Intracellular ROS generation was detected by using the Image-iTTM LIVE Green Reactive Oxygen Species Detection Kit (Thermo Fisher Scientific, USA) as previously described28,29. Once the cells were treated according to the experimental conditions, cells were washed once with 1 ml of warm HBSS/Ca/Mg and were incubated with 25 μM carboxy-H2DCFDA working solution for 30 min at 37 °C, protected from light. Hoechst 33,342 was added at a final concentration of 1.0 μM to the carboxy- H2DCFDA staining solution during the last 5 min of the incubation. Subsequently, the cells were washed gently three times in warm HBSS/ Ca/Mg, and the coverslip was mounted with Antifade Mounting Medium—Prolong Fluorescence (Boster Biological Technology, USA). Cells were observed in an EVOS FL Auto Cell Imaging System with EVOS Onstage Incubator (Thermo Fisher Scientific, USA) photomicroscope, at 200 × and 400 × magnification. The images were analyzed using ImageJ software 1.51n version (NIH, Bethesda, MD, USA): the mean fluorescence intensity for treatment was calculated on 50 cells positive for ROS at 200 × magnification, computing the integrated density (ID). The background was obtained by measuring the fluorescence intensity of regions outside the cells. The corrected total cell fluorescence (CTCF) was then determined by subtracting the background from the ID (CTCF = ID − background)28,29.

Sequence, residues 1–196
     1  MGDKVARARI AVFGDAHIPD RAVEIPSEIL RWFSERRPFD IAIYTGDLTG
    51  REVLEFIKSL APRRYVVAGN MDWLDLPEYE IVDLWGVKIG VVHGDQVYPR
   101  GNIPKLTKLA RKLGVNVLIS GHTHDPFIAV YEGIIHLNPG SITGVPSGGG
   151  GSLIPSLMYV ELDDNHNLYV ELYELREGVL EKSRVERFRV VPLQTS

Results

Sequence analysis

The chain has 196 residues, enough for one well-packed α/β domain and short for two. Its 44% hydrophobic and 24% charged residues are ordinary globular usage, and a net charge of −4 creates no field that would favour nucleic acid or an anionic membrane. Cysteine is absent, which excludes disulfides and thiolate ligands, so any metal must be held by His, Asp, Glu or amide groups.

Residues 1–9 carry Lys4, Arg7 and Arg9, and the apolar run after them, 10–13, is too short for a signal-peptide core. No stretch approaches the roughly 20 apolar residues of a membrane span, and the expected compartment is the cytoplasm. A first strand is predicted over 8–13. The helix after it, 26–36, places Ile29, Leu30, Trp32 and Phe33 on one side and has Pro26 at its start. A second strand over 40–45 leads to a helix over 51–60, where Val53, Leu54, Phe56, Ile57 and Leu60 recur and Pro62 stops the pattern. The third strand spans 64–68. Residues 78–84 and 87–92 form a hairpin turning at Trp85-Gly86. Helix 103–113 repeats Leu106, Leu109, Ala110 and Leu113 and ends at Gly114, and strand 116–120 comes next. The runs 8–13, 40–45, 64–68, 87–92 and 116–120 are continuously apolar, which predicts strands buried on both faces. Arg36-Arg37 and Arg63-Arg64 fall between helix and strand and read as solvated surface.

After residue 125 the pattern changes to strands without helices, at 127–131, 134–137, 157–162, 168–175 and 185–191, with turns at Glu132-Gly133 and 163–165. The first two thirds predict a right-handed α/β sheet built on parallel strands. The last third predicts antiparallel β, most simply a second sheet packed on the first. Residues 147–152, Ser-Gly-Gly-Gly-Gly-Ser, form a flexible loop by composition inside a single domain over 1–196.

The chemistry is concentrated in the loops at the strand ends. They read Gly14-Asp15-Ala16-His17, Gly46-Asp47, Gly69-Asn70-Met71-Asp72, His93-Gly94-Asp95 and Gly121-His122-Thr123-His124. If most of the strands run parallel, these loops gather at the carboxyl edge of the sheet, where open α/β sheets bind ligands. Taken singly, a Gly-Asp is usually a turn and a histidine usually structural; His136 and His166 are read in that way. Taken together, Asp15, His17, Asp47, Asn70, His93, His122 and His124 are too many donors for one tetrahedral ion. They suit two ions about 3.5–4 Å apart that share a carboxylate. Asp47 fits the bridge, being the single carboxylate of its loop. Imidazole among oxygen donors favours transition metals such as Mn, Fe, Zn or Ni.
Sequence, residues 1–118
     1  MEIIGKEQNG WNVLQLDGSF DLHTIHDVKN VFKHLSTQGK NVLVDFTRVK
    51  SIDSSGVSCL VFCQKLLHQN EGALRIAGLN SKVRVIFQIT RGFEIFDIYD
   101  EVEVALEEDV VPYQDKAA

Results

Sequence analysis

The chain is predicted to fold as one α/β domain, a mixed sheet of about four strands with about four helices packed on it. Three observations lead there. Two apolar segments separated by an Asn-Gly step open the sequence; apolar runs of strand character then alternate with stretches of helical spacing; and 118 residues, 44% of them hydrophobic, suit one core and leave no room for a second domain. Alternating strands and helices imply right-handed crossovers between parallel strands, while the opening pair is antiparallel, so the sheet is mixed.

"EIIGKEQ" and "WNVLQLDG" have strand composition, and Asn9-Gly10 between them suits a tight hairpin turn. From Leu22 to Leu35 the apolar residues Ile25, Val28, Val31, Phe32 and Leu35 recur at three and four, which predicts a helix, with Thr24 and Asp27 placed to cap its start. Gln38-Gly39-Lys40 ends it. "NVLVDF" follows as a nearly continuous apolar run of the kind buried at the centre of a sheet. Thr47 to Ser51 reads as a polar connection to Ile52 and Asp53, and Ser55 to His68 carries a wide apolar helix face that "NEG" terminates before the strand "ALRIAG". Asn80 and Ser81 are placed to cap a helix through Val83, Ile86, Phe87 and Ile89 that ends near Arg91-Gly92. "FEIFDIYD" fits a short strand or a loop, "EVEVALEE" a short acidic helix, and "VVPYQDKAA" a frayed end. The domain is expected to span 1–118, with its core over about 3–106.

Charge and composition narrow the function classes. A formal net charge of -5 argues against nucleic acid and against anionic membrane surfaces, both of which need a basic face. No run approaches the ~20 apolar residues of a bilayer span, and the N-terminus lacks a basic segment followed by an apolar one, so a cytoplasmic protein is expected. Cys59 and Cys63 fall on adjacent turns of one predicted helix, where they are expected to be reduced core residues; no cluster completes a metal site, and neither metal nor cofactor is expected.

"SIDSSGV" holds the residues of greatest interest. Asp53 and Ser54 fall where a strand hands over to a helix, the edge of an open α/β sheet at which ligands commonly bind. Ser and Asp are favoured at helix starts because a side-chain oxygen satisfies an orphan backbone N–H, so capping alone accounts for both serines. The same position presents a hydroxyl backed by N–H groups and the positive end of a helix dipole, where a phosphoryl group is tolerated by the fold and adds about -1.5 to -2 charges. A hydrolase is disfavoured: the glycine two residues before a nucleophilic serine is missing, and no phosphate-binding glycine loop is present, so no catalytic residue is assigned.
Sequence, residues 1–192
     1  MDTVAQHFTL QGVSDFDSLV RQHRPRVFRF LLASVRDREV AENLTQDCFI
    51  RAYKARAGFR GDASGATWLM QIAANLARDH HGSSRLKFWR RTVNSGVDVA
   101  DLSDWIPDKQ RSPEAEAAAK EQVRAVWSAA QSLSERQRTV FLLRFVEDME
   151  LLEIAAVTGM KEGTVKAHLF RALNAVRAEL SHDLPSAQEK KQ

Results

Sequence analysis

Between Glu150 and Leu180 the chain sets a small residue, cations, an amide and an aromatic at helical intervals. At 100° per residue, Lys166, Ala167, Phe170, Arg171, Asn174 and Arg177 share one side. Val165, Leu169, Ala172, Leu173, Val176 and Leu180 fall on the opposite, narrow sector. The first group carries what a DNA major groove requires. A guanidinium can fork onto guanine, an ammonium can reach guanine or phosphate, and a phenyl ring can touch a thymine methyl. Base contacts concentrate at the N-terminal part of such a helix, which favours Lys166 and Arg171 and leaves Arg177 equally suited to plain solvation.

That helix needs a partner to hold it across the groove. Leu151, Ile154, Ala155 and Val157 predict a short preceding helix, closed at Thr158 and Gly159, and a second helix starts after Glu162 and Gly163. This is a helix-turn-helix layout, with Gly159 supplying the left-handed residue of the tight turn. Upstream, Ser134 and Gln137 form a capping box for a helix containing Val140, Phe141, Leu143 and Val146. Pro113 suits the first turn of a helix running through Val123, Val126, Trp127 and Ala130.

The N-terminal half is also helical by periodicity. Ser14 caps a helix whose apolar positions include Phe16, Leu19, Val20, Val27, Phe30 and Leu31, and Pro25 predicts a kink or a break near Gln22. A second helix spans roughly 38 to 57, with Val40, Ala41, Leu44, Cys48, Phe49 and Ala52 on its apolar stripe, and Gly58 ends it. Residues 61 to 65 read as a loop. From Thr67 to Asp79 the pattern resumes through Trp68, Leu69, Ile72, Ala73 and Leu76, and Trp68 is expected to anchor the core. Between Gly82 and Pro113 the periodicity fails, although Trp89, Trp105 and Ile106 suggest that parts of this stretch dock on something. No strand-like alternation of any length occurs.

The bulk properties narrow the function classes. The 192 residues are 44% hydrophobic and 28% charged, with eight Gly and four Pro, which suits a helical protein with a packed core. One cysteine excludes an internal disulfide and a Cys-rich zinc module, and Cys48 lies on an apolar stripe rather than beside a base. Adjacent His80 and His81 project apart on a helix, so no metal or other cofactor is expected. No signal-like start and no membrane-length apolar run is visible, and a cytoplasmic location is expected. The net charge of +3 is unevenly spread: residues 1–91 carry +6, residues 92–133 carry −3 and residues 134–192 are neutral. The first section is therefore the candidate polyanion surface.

RNA extraction, cDNA synthesis and real-time polymerase chain reaction (RT-PCR)